The Beverly Hills City Council and Beverly Hills Unified School District (BHUSD) are weighing in on a controversial change to the state’s K-12 math curriculum. At the June 1 City Council Formal Meeting, the Council approved a request by Mayor Robert Wunderlich to send a letter to the State Board of Education and the Instructional Quality Commission in opposition to the ongoing revision of the mathematics framework–a move taken by BHUSD earlier that day in a letter signed by the entire BHUSD School Board.
“Theoretically, schools should be prepared to meet all levels of learning and never to the detriment of any other student. We do not however believe that this Framework in its current form ensures optimal benefits for all students, specifically middle school students,” according to the letter, which is signed by Board of Education President Rachelle Marcus and Superintendent of Schools Dr. Michael Bregy, along with 11 others.
For the first time since 2013, the California Department of Education is creating a new Mathematics Framework that will provide guidance to educators and publishers across the state. The framework not only sets standards but describes the curriculum and instruction necessary to achieve them. The resulting document, drafted by a team of academic powerhouses, takes into consideration the latest research on learning and education, and input from relevant organizations and the public.
As with institutions and practices across the country, the state has taken the opportunity to redress inequity in the mathematics curriculum. “To develop learning that can lead to mathematical power for all California students, the framework has much to correct; the subject and community of mathematics has a history of exclusion and filtering, rather than inclusion and welcoming,” the draft framework reads.
The draft framework singles out acceleration programs for exacerbating inequality. The document cites research that shows that “[g]irls and Black and Brown children more often receive messages that they are not capable of high-level mathematics, compared to their White and male counterparts.” These messages set children from marginalized communities back behind others as early as preschool and kindergarten, studies show. By the time students reach sixth grade, the presence of acceleration programs confirms a “bad at math” identity, according to the draft framework.
As opposed to tracking students–placing them in different classes commensurate to their ability–the framework argues for grouping students of differing levels in the same classroom. More advanced students would receive more challenging instruction.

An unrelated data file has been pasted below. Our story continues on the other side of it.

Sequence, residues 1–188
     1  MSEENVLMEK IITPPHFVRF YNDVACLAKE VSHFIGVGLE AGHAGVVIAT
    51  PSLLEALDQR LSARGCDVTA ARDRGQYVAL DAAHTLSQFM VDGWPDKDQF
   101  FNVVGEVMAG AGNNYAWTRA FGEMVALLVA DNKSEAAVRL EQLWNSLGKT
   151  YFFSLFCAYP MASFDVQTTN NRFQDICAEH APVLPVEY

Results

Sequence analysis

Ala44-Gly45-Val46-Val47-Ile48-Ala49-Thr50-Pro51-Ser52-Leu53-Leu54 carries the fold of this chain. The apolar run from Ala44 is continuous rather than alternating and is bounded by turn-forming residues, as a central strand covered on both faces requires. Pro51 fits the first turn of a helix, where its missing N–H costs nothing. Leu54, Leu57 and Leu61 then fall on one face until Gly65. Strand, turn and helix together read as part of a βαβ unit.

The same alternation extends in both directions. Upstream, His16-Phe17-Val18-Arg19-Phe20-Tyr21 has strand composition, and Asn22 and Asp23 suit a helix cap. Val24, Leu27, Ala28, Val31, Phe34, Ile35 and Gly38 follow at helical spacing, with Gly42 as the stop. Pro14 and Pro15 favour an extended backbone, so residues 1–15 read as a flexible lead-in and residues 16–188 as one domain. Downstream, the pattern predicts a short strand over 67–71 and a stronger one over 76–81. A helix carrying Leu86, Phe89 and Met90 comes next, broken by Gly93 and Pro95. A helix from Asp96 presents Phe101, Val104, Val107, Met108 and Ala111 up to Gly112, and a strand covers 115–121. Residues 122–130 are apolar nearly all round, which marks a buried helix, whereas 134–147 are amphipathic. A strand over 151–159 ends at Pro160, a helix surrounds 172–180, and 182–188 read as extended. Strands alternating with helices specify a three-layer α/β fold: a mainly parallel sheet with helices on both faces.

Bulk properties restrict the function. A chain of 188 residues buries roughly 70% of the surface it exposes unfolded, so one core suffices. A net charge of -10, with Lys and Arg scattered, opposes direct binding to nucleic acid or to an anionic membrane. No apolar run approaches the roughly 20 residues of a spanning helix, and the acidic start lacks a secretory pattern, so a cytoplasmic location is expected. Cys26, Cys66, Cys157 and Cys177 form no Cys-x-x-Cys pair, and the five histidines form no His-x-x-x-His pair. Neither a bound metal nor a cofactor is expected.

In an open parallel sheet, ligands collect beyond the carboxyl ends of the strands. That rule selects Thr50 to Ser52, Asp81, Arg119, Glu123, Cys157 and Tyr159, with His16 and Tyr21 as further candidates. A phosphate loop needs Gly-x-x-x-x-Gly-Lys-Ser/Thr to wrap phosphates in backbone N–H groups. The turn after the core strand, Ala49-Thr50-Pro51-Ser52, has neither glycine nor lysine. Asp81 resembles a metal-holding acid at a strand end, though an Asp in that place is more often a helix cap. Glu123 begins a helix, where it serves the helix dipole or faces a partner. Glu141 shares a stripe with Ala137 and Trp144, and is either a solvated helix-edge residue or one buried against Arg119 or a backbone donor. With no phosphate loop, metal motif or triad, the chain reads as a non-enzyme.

The updates proposed in the framework go far beyond redressing inequities in the classroom. The framework encourages a new, multi-dimensional approach to learning math through words, visuals, models, algorithms, tables and graphs. It blurs the boundaries between the traditional levels of mathematics instruction, presenting a more wholistic approach that combines concepts from across computation, algebra, geometry, trigonometry and calculus. It seeks to deprioritize the “rush to calculus” that sometimes happens at the express of more foundational concepts.
The BHUSD letter seeks clarification from the Department of Education that “all facets of this Framework ultimately remain in local control to allow students to accelerate in their learning when multiple measures of data are used to ensure they are conceptually and developmentally ready.”
The letter clarifies that the BHUSD School Board does not oppose the framework “in its entirety,” but has specific concerns about how it could limit options to middle and high schoolers, who tend to excel beyond state standards. “In BHUSD we have worked hard over the past three years to develop new middle school mathematics pathways with open access opportunities for our students in the middle school classroom setting,” the letter states. “We firmly believe in this work and have ample data exemplifying student performance and growth through these pathways which allow students access to Algebra and even Geometry as early as 7th grade.”
The framework in its current form would have large practical implications for BHUSD middle school students, according to the letter. If algebra and geometry were only offered in the high school, “this would require school districts to transport students from middle school to high school during their already tight academic day to be accelerated to the next level of coursework.” The letter warns that this would have disruptive consequences to students that would be “not only detrimental to their social-emotional wellbeing but also negatively impacts their academic continuity.”
While the letter does not question the ample research cited by the framework, it offers to provide the Department of Education with “three years of longitudinal data” that demonstrate “both the academic capacity and readiness our students demonstrate prior to placement” in algebra and geometry.
“Consequently, we ask that the California Department of Education reconsider the proposed Framework denying access to Algebra and Geometry to middle school students who are appropriately assessed and equipped to succeed in our rigorous instructional offerings in the middle school environment.”
The framework will be taken up by the Board of Education as soon as November. Until then, the framework will go through another round of public comments.